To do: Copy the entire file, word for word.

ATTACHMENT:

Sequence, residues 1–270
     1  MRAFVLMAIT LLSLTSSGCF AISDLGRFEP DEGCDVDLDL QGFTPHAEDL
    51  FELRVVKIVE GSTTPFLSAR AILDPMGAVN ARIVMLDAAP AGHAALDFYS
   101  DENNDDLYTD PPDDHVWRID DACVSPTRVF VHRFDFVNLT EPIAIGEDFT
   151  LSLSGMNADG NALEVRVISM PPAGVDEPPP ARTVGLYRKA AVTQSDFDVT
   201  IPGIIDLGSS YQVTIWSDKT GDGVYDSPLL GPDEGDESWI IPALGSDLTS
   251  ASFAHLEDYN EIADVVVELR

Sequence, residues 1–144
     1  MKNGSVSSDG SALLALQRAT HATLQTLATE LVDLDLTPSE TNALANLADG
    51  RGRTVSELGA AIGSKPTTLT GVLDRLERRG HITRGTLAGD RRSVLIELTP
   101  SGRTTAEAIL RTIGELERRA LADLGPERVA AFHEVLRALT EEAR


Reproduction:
Sequence, residues 1–270
     1  MRAFVLMAIT LLSLTSSGCF AISDLGRFEP DEGCDVDLDL QGFTPHAEDL
    51  FELRVVKIVE GSTTPFLSAR AILDPMGAVN ARIVMLDAAP AGHAALDFYS
   101  DENNDDLYTD PPDDHVWRID DACVSPTRVF VHRFDFVNLT EPIAIGEDFT
   151  LSLSGMNADG NALEVRVISM PPAGVDEPPP ARTVGLYRKA AVTQSDFDVT
   201  IPGIIDLGSS YQVTIWSDKT GDGVYDSPLL GPDEGDESWI IPALGSDLTS
   251  ASFAHLEDYN EIADVVVELR

Sequence, residues 1–144
     1  MKNGSVSSDG SALLALQRAT HATLQTLATE LVDLDLTPSE TNALANLADG
    51  RGRTVSELGA AIGSKPTTLT GVLDRLERRG HITRGTLAGD RRSVLIELTP
   101  SGRTTAEAIL RTIGELERRA LADLGPERVA AFHEVLRALT EEAR